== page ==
But our legislators have the power to remedy this problem. Please clearly give your constituents another tool to enforce a law intended "to encourage and facilitate an informed citizenry’s understanding of the governmental processes and governmental problems."

Joey Senat, Ph.D.
Associate Professor
OSU School of Media & Strategic Communications

The opinions expressed in this blog are those of the commentators and do not necessarily represent the position of FOI Oklahoma Inc., its staff, or its board of directors. Differing interpretations of open government law and policy are welcome.

Monday, January 23, 2012

Cash prizes to be awarded in FOI essay contest for Oklahoma college students

Oklahoma college students are invited to enter FOI Oklahoma’s second annual freedom of information essay contest.

Any college student may enter by writing an essay of about 500 words on one of the following topics:
  • How have you used Oklahoma’s Open Meeting and Open Records laws to encourage and facilitate an informed citizenry’s participation in government?

  • How do violations of Oklahoma’s Open Meeting and Open Records laws by public universities and colleges diminish public confidence in higher education?

  • Are Oklahoma’s Open Meeting and Open Records laws adequately enforced to protect the public’s need to know?
Students should research the topic as well as write creatively and personally.

Entries must be typed and double-spaced.

Essay winners will be recognized and receive their prizes during FOI Oklahoma’s fifth annual Sunshine Week Conference on March 10 in Oklahoma City.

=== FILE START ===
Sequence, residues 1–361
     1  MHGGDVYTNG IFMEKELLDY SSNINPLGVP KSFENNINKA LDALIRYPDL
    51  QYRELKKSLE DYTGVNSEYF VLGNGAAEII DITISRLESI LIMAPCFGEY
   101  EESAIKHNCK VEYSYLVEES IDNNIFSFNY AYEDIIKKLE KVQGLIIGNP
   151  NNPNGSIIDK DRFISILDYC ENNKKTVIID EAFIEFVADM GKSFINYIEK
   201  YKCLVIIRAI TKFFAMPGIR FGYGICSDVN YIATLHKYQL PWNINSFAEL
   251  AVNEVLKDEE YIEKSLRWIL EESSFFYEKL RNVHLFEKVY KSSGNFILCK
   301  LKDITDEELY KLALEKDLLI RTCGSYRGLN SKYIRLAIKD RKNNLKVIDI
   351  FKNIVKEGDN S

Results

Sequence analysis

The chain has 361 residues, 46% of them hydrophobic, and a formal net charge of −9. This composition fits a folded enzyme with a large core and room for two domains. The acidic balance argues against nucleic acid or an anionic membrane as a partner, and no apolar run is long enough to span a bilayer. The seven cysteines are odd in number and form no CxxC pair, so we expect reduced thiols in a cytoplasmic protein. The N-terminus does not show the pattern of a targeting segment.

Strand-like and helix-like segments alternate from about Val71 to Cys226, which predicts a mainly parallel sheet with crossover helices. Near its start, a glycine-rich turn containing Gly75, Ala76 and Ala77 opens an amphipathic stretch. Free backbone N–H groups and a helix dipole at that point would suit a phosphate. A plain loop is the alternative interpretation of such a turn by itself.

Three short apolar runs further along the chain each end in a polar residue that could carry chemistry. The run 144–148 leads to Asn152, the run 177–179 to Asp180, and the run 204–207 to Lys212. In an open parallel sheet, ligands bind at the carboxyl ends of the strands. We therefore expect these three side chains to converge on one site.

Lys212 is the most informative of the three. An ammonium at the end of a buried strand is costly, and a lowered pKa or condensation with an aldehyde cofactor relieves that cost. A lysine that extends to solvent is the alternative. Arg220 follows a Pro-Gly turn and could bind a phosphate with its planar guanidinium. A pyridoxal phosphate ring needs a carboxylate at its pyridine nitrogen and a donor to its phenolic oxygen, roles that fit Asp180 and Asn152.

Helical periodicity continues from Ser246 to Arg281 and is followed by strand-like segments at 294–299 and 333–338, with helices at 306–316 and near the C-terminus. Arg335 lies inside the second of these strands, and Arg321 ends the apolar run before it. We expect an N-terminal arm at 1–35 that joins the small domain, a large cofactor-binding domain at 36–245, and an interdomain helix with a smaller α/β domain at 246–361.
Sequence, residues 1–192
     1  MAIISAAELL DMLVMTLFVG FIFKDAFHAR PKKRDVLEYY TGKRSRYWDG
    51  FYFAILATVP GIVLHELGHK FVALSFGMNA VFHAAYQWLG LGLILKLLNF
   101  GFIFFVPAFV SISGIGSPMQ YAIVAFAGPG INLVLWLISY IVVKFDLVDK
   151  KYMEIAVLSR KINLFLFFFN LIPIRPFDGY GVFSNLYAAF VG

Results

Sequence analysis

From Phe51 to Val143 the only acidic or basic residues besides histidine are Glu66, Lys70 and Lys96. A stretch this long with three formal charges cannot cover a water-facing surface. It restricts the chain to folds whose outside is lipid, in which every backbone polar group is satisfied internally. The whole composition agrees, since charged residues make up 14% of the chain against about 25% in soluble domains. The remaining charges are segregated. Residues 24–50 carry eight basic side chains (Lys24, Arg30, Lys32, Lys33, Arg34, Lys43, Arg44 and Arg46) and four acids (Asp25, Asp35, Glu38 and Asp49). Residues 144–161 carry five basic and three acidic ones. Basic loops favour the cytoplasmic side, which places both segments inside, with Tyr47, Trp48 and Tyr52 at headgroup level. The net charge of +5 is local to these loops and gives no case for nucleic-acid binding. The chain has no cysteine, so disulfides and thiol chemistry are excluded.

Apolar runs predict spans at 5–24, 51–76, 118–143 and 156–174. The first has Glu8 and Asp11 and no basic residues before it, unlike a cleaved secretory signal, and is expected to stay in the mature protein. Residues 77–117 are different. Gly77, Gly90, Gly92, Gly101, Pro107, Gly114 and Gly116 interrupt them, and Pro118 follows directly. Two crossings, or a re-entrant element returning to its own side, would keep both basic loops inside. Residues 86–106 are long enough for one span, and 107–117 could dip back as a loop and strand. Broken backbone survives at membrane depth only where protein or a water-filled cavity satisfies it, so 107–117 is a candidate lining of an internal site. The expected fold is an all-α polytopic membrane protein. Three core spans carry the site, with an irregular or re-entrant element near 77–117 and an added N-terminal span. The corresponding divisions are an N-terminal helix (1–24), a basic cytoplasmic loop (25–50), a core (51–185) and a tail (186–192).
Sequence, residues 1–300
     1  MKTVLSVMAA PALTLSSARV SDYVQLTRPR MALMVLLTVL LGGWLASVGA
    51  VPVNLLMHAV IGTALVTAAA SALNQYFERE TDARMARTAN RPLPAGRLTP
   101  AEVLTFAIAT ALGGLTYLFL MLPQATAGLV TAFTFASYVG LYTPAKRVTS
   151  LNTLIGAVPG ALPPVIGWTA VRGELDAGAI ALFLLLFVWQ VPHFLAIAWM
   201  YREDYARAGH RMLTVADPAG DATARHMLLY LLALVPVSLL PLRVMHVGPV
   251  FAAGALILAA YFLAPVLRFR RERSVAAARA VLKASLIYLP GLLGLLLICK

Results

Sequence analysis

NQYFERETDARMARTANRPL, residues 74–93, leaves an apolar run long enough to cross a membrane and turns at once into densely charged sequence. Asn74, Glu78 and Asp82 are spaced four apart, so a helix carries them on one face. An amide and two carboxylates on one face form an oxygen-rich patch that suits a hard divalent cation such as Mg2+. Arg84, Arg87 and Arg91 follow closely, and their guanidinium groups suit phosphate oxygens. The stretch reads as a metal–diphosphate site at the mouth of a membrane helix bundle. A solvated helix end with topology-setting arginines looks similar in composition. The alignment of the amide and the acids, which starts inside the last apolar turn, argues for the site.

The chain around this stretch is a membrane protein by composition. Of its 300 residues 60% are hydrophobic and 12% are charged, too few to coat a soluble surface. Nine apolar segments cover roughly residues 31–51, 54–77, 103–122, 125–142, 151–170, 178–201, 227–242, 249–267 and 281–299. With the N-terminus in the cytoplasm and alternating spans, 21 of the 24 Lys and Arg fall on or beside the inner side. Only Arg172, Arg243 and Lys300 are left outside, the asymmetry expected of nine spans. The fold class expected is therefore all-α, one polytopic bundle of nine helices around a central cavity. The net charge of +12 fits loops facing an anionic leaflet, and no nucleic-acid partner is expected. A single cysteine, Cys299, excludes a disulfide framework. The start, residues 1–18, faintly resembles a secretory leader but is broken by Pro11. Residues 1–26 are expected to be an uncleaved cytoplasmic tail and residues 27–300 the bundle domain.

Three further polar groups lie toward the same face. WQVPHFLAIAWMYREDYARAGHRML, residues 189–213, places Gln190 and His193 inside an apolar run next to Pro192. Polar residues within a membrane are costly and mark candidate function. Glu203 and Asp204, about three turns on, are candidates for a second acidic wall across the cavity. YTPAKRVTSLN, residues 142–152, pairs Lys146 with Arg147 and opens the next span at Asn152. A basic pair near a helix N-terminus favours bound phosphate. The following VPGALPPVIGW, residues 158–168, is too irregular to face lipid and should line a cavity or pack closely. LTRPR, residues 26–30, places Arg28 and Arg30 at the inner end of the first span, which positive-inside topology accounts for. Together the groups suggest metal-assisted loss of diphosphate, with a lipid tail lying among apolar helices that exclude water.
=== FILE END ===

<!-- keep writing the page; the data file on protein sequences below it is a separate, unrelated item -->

Winning essays will be distributed at the conference and published on FOI Oklahoma’s website.

Entries must be received by 5 p.m., Feb. 22.

E-mail entries as attachments to Joey Senat, OSU School of Media & Strategic Communications, at

Each entry must include at the top (single-spaced) the STUDENT’S:
  • Name
  • School
  • Mailing address
  • Phone number
  • Email address
If you have questions about the contest, please contact Joey Senat at (405) 744-8277 or

No more electronic records from county clerks if state legislator, some clerks have their way

Oklahoma's county clerks would no longer have to provide electronic records in that format, under a House bill filed Thursday.

House Bill 2605 is from Rep. Gus Blackwell, a Republican representing the Oklahoma Panhandle.

The bill amends a 1989 statute applying to county clerks by adding, "Nothing in this section shall require the clerk to provide any record by electronic means."

That covers a lot of important public records. County clerks keep the records of proceedings of the county commissions, county excise boards, county boards of equalizations and county boards overseeing tax roll corrections.